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Lights Lay Out Before Us

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Xie Lian peers at his reflection in the bathroom mirror, embarrassed to find his eyes are still puffy and red from crying. Splashing cold water on his face hasn’t helped much either, although he’s glad to have a private moment to compose himself. 

Despite the late hour, Hua Cheng —San Lang, he supposes— insisted on making dinner for them. He tried to protest, saying that it was his responsibility as the housekeeper, but Hua Cheng stubbornly dug his heels in about it. 

“This is my way of making it up to you,” he said with a smile, so Xie Lian had no other choice but to let him. 

He can hear Hua Cheng bustling around the kitchen, occasionally speaking to E-ming like he actually expects him to reply. Maybe he can. He never really thought to ask, and he realizes that he doesn’t know what Hua Cheng is either. Does he know about Xie Lian’s story? 

A knock on the door startles him from his musings, followed by Hua Cheng’s voice. “Are you all right in there?” 

“Yes!” Hastily toweling his face, Xie Lian yanks open the door only to freeze at the sight of the man standing right in front of him. 

Although a little disappointed that Hua Cheng no longer wearing his fancy suit, he still looks just as amazing in a plain black shirt and grey sweatpants. It makes Xie Lian feel underdressed somehow, even though he’s the one wearing actual clothes. They’re not very stylish, but the white sweater and dark jeans he has on is one of his better outfits. He’s been told that he looks attractive in them, but Hua Cheng doesn’t seem to notice. 

“Your bangs are still wet,” he says instead, reaching out his hand and rubbing the strands between his long elegant fingers. “Dry yourself off properly, or you’ll catch a cold.” 

“O—okay.” Xie Lian feels his entire face flush at having the other man so close and touching him like this. Calming him down is one thing, but Xie Lian isn’t used to being touched even by his closest friends, so this small bit of contact is both frightening and exhilarating. 

Eventually Hua Cheng seems to realize the effect he’s having on him and pulls away, with a complicated look on his face. “Dinner is almost ready.” 

“Thank you,” Xie Lian says softly and stares in breathless wonder at the small smile he receives in response. 



It turns out that Hua Cheng is a brilliant cook. The pasta he made is mainly just vegetables and chicken in a creamy sauce, but it’s flavorful and filling. It’s possibly the best pasta Xie Lian has ever had, and he wonders what use he’s going to be as a housekeeper for somebody who cooks like this.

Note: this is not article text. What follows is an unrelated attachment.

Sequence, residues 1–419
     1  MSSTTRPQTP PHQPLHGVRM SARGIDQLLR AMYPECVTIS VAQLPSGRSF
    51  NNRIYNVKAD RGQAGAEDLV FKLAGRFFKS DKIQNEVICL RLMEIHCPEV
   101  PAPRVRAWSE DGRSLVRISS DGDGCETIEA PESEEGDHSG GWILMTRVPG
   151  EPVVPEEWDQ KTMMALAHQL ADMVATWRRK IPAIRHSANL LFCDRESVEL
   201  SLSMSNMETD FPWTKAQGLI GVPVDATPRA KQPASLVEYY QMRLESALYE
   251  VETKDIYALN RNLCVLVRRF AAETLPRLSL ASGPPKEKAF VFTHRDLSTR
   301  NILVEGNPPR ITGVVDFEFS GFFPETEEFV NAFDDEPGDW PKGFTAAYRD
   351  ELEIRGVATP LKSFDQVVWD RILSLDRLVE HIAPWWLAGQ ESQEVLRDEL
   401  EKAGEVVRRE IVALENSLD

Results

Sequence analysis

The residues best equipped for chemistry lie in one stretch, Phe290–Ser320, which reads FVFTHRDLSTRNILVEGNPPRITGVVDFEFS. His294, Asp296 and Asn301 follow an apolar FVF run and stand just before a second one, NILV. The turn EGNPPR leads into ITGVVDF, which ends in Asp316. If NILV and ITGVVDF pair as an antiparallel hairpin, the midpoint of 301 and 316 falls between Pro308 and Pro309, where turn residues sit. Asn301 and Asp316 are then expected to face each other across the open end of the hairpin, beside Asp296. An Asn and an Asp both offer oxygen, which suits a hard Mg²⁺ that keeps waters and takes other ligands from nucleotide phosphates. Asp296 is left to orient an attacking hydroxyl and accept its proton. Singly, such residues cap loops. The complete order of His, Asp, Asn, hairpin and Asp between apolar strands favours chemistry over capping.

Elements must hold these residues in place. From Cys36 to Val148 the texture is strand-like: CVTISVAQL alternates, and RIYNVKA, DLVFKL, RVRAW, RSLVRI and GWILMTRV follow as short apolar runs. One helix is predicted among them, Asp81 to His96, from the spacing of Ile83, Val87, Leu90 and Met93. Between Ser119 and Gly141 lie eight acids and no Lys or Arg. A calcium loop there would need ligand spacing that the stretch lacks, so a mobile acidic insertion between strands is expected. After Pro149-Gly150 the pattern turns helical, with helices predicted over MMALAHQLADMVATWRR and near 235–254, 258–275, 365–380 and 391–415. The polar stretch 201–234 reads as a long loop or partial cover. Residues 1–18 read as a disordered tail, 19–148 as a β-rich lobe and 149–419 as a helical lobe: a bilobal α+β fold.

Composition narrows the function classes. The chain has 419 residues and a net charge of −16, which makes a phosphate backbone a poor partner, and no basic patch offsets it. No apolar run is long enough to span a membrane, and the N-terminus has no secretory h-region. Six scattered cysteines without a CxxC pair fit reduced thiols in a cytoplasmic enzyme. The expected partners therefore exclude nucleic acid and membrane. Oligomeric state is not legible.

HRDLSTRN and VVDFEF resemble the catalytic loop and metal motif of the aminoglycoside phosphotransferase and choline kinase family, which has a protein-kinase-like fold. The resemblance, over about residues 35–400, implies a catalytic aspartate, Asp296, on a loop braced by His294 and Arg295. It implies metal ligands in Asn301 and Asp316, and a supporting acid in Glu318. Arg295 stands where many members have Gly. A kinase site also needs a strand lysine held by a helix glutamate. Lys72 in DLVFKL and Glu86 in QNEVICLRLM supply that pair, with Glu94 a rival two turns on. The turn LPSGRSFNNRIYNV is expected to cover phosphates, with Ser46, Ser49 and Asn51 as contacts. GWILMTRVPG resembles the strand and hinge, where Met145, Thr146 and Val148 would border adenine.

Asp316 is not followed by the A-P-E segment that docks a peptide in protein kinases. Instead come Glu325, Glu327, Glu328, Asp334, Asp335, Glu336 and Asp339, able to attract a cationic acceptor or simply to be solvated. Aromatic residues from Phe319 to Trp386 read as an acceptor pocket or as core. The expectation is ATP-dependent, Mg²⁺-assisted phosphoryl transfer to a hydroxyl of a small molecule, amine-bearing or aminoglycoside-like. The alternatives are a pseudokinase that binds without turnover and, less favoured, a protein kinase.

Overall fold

“Let me do the dishes,” he insists, after they finish eating and Hua Cheng tries to clear the table. The other man seems confused by the request but agrees anyway, and Xie Lian feels a little less like his job is being threatened. 

Hua Cheng leans against the counter while he washes up, taking the toy E-ming presses into his hand and throwing it for him to catch. They repeat the process several times. It’s kind of sweet. 

“So. How much trouble are you in anyway?” 

Xie Lian’s hand slips and he nearly cracks the plate in he’s holding against the side of the sink. “What?” 

“I didn’t hear much about your situation. Just that you need protection.” Hua Cheng shrugs, before accepting E-ming’s toy and throwing it again for her to fetch. “I don’t know why you came all the way out here, but it must be bad.” 

Scrubbing hard at the dish in his hand, Xie Lian avoids looking at him. But he can feel his eyes on him like they’re trying to read his thoughts. Can he read his thoughts or would that be rude to ask? 

“It’s none of your business.” 

“That’s fair,” Hua Cheng answers breezily. Like he doesn’t care he’s being difficult, even if Xie Lian can tell he’s actually annoyed. “But I know you’re not human.” 

“Neither are you,” he snaps, glaring up at him. 

They stare at each other when E-ming —sensing the sudden tension in the room— whines. Hua Cheng sighs and pushes off the counter, heading straight to his bedroom. “Then don’t tell me. Goodnight, your highness.” 

Xie Lian watches Hua Cheng leave the room and tells himself he doesn’t care when the door shuts firmly behind him. He finishes the rest of the dishes, dries them, and sorts them in their proper places before brushing his teeth and going straight to bed. Or tries to at any rate. 

He’s never met anyone as beautiful or frustrating as Hua Cheng in his entire life, and that confuses him more than he’s willing to admit. 


A cold, wet nose presses against Xie Lian’s cheek and startles him awake. He pushes himself up on his elbows and finds E-ming resting his head on the edge of the bed, staring at him with his red eye. He whines and licks his wrist, something urgent in his voice. Xie Lian is about to ask him what’s wrong, when he hears it. Faint though it is, he hears soft moans from across the hall. E-ming prods at him with his nose again and he obediently stumbles out of bed, following him out the door —which is open, although he’s positive that he had closed it before falling asleep— to Hua Cheng’s room. 

He’s shirtless and his bare legs are sticking out from under the covers, twisted as they are around his body. Xie Lian flushes despite himself, but any embarrassment he feels is quickly forgotten when he realizes that Hua Cheng is having a nightmare. There’s a sheen of sweat on his face and his hands are gripping the blanket as he’s in pain. Is he having a nightmare? 

“Hey,” Xie Lian calls softly and his heart aches at the pained sound he receives in response. “Hua—San Lang, wake up.” 

Hua Cheng mumbles something Xie Lian can’t make out, but from the way he furrows his brow he knows it can’t be good. He reaches out and smooths his bangs back from his sweaty face, wanting to help but not knowing how. 

“San Lang, you’re all right.”